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God's Own PartyThe Making of the Christian Right$
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Daniel Williams

Print publication date: 2010

Print ISBN-13: 9780195340846

Published to Oxford Scholarship Online: September 2010

DOI: 10.1093/acprof:oso/9780195340846.001.0001

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The Christian Silent Majority

The Christian Silent Majority

Chapter:
(p.69) Four The Christian Silent Majority
Source:
God's Own Party
Author(s):

Daniel K. Williams (Contributor Webpage)

Publisher:
Oxford University Press
DOI:10.1093/acprof:oso/9780195340846.003.0004

In the early 1960s, fundamentalists and evangelicals were divided over civil rights, and that division was reflected in the election of 1964, when fundamentalist leaders supported Barry Goldwater, while more moderate evangelicals did not. But between 1964 and 1968, a common reaction against cultural liberalism brought evangelicals and fundamentalists into a unified conservative coalition that Richard Nixon called the “silent majority.” Evangelicals and fundamentalists joined forces in campaigns against pornography and sex education, and both groups supported private Christian schools. They also found common ground on civil rights, with fundamentalists abandoning their defenses of legal segregation, and evangelicals exchanging their support of civil rights legislation for a call for “law and order.” By 1968, the emerging culture wars united both groups in support of Nixon and the conservative wing of the Republican Party.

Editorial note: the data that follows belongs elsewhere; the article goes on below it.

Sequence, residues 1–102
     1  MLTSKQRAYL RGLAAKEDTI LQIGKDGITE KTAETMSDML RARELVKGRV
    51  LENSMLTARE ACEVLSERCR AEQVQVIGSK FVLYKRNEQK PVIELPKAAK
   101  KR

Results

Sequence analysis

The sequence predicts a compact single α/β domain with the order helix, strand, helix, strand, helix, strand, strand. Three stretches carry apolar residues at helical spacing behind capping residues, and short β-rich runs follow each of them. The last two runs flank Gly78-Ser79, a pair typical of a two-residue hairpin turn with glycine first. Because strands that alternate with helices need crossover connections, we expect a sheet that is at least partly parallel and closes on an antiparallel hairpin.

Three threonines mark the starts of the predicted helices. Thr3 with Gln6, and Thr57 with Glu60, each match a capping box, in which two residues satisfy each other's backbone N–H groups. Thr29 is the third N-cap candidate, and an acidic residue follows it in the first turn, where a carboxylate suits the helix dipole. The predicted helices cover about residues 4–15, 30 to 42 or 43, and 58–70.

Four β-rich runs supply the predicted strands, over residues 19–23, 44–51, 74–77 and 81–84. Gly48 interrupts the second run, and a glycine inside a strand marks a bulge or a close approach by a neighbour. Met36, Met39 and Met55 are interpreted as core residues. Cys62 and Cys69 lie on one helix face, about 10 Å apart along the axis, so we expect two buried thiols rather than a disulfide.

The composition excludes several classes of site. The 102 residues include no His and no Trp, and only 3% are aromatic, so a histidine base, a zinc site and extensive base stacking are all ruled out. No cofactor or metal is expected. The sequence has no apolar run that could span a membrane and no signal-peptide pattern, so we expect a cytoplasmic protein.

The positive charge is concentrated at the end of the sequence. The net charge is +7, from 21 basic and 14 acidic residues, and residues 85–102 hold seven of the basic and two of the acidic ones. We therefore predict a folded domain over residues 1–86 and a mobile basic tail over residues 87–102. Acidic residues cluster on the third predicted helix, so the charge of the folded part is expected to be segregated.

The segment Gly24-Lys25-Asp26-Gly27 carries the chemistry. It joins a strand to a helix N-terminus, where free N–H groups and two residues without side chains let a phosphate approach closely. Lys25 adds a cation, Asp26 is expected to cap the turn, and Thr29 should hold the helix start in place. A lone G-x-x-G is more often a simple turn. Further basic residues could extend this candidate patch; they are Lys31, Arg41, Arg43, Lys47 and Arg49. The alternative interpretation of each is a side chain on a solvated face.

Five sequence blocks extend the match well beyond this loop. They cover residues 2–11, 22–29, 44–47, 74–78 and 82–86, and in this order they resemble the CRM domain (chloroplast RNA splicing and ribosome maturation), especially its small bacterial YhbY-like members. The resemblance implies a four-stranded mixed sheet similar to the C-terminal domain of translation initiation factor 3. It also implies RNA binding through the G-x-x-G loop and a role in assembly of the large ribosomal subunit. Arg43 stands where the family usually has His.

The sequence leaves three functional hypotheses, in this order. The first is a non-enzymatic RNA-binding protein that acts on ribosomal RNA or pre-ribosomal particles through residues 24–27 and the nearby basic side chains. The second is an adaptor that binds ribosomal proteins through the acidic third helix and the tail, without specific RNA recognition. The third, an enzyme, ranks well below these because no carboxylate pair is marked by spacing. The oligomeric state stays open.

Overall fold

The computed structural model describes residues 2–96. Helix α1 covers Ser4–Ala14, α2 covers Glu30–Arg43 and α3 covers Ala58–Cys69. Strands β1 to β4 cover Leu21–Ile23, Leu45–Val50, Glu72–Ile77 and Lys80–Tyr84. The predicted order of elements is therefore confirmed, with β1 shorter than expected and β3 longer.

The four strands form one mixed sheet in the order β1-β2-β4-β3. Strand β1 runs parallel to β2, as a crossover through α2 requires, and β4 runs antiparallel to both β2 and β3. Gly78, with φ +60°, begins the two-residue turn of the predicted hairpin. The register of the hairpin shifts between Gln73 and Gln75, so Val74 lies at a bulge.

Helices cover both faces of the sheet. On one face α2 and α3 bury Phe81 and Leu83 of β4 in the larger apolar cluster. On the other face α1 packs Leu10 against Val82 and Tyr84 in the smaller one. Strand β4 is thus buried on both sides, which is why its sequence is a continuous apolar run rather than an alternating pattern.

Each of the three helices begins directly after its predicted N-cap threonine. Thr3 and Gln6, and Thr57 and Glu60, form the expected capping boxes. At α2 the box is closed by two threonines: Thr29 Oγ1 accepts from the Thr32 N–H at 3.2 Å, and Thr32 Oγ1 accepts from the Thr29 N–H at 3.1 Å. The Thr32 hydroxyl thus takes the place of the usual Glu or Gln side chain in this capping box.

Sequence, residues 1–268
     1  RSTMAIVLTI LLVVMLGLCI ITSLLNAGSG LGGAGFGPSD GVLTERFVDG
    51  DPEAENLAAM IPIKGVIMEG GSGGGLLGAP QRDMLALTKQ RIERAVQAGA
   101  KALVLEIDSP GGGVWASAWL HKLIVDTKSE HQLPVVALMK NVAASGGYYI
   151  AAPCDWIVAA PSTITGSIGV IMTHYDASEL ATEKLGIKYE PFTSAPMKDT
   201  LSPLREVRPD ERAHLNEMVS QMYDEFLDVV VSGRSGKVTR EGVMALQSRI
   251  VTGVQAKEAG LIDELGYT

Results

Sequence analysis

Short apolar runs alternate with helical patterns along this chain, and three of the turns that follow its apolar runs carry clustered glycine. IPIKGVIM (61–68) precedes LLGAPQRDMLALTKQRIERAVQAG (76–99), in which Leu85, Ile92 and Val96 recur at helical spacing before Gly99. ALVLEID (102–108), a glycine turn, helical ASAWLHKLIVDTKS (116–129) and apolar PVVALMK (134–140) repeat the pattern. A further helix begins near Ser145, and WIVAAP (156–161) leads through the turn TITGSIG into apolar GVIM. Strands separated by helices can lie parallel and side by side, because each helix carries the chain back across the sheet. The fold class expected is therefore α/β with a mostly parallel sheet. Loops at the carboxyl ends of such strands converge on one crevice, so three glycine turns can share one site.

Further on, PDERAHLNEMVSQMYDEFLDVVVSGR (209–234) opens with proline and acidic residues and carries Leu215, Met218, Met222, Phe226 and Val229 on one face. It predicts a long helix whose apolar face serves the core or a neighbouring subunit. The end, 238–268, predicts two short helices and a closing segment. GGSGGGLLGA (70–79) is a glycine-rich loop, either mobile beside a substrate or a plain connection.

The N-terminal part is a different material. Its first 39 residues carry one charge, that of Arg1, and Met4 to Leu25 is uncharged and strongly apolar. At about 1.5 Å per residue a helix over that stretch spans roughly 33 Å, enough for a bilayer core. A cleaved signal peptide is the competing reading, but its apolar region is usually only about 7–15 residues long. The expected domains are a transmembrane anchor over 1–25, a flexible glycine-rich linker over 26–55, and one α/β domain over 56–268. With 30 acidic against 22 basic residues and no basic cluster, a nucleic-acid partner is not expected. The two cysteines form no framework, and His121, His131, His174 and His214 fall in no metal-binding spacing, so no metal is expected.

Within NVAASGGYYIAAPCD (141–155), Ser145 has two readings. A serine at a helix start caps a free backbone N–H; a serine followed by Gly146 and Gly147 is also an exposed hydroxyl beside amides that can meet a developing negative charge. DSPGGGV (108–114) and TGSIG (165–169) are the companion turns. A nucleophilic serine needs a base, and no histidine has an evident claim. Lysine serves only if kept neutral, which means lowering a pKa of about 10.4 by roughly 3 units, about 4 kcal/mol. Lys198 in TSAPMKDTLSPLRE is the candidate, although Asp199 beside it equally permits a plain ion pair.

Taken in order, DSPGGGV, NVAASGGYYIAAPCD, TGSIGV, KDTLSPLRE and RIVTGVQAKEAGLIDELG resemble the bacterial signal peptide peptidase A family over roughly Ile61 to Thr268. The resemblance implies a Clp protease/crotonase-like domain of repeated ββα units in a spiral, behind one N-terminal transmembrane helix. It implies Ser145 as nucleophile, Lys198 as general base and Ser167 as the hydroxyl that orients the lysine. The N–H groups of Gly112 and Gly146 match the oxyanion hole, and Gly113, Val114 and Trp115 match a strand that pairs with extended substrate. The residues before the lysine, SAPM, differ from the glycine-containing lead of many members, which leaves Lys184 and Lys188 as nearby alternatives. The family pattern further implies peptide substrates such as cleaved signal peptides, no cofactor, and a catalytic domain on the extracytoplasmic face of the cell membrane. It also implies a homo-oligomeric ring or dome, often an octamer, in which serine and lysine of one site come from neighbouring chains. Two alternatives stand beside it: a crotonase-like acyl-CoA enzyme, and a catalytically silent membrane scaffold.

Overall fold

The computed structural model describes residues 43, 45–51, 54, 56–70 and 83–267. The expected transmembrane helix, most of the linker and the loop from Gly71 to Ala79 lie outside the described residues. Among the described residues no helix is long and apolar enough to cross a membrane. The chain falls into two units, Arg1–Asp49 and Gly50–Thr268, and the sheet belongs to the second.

Keywords:   Christian schools, civil rights, election of 1964, evangelicals, fundamentalists, Goldwater, Nixon, pornography, sex education, silent majority

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